Power, Pickups and Polar Bears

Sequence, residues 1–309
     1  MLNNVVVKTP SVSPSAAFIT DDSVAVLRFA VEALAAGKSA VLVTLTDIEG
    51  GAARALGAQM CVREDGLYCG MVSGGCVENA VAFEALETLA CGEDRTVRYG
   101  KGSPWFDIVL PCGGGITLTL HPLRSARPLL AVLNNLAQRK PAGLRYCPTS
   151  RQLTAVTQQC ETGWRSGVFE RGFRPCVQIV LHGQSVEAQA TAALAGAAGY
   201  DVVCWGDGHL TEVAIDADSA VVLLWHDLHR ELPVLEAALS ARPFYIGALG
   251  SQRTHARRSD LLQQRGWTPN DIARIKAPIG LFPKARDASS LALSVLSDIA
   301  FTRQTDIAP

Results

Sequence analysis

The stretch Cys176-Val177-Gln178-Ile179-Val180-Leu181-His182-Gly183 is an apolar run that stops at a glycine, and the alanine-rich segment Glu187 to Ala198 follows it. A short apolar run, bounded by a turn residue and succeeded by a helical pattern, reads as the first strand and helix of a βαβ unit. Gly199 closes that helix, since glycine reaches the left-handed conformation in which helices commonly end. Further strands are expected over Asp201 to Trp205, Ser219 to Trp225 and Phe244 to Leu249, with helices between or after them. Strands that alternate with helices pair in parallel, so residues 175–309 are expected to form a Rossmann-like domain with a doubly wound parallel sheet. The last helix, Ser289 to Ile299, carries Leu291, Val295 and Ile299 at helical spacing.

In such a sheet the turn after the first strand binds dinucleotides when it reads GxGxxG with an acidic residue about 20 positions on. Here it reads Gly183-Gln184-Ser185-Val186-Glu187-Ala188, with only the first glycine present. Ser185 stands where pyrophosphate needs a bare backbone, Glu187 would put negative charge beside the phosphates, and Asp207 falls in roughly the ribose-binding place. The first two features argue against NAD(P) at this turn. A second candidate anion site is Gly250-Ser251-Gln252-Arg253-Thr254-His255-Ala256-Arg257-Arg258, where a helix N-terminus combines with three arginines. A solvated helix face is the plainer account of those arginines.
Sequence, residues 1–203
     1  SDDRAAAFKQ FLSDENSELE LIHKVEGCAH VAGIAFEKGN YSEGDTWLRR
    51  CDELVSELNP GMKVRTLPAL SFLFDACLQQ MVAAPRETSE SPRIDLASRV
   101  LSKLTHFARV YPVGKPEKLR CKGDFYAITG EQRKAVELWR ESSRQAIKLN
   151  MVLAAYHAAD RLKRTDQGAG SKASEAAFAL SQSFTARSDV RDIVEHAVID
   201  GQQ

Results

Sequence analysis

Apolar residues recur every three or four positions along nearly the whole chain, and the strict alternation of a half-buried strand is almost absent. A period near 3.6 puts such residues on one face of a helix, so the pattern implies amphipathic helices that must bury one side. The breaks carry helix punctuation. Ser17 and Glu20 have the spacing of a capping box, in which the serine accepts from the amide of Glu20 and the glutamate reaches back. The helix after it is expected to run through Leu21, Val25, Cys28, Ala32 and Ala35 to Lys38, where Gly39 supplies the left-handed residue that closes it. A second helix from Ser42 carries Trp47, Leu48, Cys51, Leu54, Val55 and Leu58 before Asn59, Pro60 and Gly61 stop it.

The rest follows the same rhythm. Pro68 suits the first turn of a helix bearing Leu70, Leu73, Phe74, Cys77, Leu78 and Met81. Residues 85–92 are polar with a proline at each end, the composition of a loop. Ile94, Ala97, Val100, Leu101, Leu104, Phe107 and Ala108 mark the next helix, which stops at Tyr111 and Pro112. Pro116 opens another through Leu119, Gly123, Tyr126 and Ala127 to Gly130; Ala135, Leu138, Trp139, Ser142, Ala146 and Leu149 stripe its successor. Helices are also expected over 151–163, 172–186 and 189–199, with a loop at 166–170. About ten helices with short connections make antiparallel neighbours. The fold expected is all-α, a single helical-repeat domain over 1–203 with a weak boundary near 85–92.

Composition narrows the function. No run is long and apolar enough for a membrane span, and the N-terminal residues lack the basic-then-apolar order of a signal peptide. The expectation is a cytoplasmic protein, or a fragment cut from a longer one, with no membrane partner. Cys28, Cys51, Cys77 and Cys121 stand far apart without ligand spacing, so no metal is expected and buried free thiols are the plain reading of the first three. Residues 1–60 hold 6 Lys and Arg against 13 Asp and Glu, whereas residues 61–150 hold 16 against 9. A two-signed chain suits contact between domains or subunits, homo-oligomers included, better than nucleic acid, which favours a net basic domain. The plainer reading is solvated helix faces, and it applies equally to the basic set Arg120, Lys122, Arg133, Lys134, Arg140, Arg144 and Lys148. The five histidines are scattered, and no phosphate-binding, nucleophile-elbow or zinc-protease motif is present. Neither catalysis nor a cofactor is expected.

Dave Ohara recently posted on his Green Data Center Blog about the efforts of network vendors to help the greening of the data center. I am still not sure we are having the right conversation around this topic, but at least we are having the conversation.Let me give you an example. Let’s compare a Ford Focus and a Ford F-150 pickup. If we wanted to be”green”, looking at the brochures for both vehicles, the fuel economy of the Focus would be a no-brainer (35 hwy vs. 20 hwy for the F-150). But, what if we wanted to actually”do” something with our vehicle? Since I was working on the yard today, let’s say we wanted to haul 2 yards of mulch. Our F-150, with 55 cubic feet of hauling capacity can do this in one trip, while the Focus, with slightly under 14 cubic feet of cargo capacity would take four trips. So, even with the 75% better gas milage, the Focus is not automatically the right choice. The point is a simplistic one dimensional measure is not really all that meaningful. This is why a city bus can get 4 mpg and still be central a”green” strategy. The other point is that we have multiple types vehicles for a reason–so if I were a landscaper, I may drive my F-150 during the week and drive my Focus when I go tooling in Napa for the weekend. The goal is to derive the maximum value for the energy consumed, regardless of if its vehicles or data center switches.The topic of relevant metrics brings us back to something Dave mentions in his blog: Nortel’s claims that their 45xxT switch consumes 56% less power than an”equivalent” Cisco Catalyst 3750G switch (for the sake of argument, I’ll work with the comparisons that Nortel picked). There is some confusion in the Nortel positioning paper, since the switch model and power consumption noted in the text is different than the model and power consumption noted in the table the text refers to, but I digress. The salient point is that these power values are for two switches plugged-in and idling with no connections–the assertion is that if there is such a discrepancy at idle, imagine what happens when we actually forward packets. Before I go on, a note to those of you with data centers: if you have switches in your data center that are plugged in and not doing anything, please unplug them now–it will help you with power/cooling and the polar bears will thank you too. Now, for the rest of us with data center switches that forward packets, it might be useful to see what a switch does under load.So, earlier this year, at our request, Miercom did an analysis of a number of switches under load to see what kind of power consumption you might actually encounter in your data center. It turns out the Cisco Catalyst 3750G consumes about 140-150W (depending on packet size and choice of copper or optical uplinks) when those uplinks are driven at 100%. This is inline with the 160W maximum draw noted on the data sheet. What does the Nortel 45xxT do under load? That information is not published anywhere I could find, but perhaps we can make an approximation based on a couple of data points we do have. First, the data sheet for the Nortel 4548GT notes a maximum draw of 150W, so unless Nortel is into really over-engineering their power supplies, that is probably a fair indicator of real-world draw at max load. Second, Miercom did test the Nortel 5510 as part of the testing mentioned earlier and they found that switch drew about 125-130W at 100% uplink load against a maximum draw of 135W in the Nortel 5510 data sheet, so there does not seem to be any revolutionary power management technology at work. Third, the notes from Miercom indicate between a nominal 5% load and a 100% load, the power draw grew proportionally regardless of vendor tested. So, I think it is reasonable to deduce that the Nortel 45xxT is in the same neighborhood as the Cisco Catalyst 3750G when used to actually forward packets. Sidebar: Miercom just announced that the Cisco Catalyst 3750-E, 3560-E, 3750, 3560, and 2960 Series Switches are the first products certified in their “œCertified Green” certification program.Later in the same position paper, Nortel asserts their ERS 8610 offers energy savings of 60% over a”6500 equivalent”. There is not a lot of detail to the comparison, although there is a footnote that states”Unless noted, all product comparisons are based on vendor published maximum power ratings.”, so this seems a comparison of power supplies, not actual draw. Again, this becomes a Focus vs F-150 comparison–what exactly are we comparing and in what context–I could dig into this but I think you get the point.I guess the moral of the story here is, when it comes to energy efficiency, there is, sadly, no one magic metric to measure goodness. Its a design function like anything else in the data center and its a matter of doing research and balancing the design parameters. Our goal is, simply, to help you make an informed decision. To that end, we have the Power Calculator to give you configuration-specific load numbers for our equipment. We then take it a step further with our Data Center Assurance Program tool on our data center design best practices website, which includes power consumption information as part of its guidance. Check them both out (you will need a cisco.com account).